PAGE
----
After refraction (all subjects) and retesting of visual acuity with corrective lenses (only in those with <6/12 in either eye), 2770 subjects (16.8%; 95% CI, 16.2%–17.3%) had a corrected visual acuity of <6/12 in the better eye. In 121 (21.6%) of the 561 subjects initially presenting with blindness, vision improved to 3/60 or better with correction. The prevalence of blindness after correction was therefore 2.7% (95% CI, 2.4%–2.9%). The prevalence of SVI/BL after correction was 3.3% (547; 95% CI, 3.0%–3.6%). The prevalence of MVI and SVI with correction was half the prevalence when using presenting visual acuities (6.2%; 95% CI, 5.8%–6.6%; Table 2 ). 
Visual Acuity by Age
Increasing age was significantly associated with more severe levels of impaired vision (Table 3 ). In those aged 30 to 39 years, 94.4% were not visually impaired at presentation (i.e., ≥6/12 in both eyes), whereas only 23.1% of those 70 or older were not visually impaired. Approximately one in five adults aged 70 years or older presented with a visual acuity of <6/60 in the better eye. Blindness prevalence increased with age from 0.4% in those aged 30 to 39 years to 15.7% in persons 70 years or more, the increase being approximately exponential. The majority of the 561 bilaterally blind subjects (489, 87.2%) were aged 50 or older, and the prevalence of blindness in this age group was 7.0% (95% CI, 6.4%–7.7%).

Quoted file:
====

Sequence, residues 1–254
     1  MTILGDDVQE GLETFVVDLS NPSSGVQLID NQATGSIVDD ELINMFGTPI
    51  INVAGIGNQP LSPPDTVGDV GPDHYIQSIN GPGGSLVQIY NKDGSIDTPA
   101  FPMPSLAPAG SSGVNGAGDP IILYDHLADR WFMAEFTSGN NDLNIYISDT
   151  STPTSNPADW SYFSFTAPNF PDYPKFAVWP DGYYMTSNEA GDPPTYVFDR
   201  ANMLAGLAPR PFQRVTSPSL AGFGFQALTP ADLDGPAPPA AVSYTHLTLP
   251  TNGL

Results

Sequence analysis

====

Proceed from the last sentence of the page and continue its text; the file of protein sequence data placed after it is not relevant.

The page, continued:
Visual Acuity and Gender
Crude estimates of the prevalence of blindness were similar between men and women (3.4% vs. 3.5%, respectively; Table 3 ). However, after stratification by age, the prevalence of blindness was higher in women in every age category except those aged 30 to 39 years. Thus, after adjusting for age differences in the sample, the odds of blindness in a woman blind were 30% higher than those in a man (OR, 1.3; 95% CI, 1.1–1.6, P = 0.001). 
Visual Acuity and Location
Significant differences in visual acuity categories were present throughout the country (Table 4) . Punjab and Baluchistan had the highest prevalence of blindness (both 3.8%), followed by Sindh (3.0%). NWFP had the lowest prevalence (2.6%). Men living in Baluchistan were the subgroup with the highest prevalence of blindness (4.1%). 
Significantly higher rates of blindness were found in rural than in urban communities (3.8% vs. 2.5%; P < 0.001; Table 4 ). However, people in rural areas tended to be older than people in urban areas (P < 0.001), and there were more men living in rural areas than women (P < 0.001). Men in rural areas had a significantly higher prevalence of blindness (4.0% vs. 2.0%) than did men in urban areas. This difference was not as marked in women (3.7% rural vs. 3.0% urban). 
Visual Acuity and Socioeconomic Indicators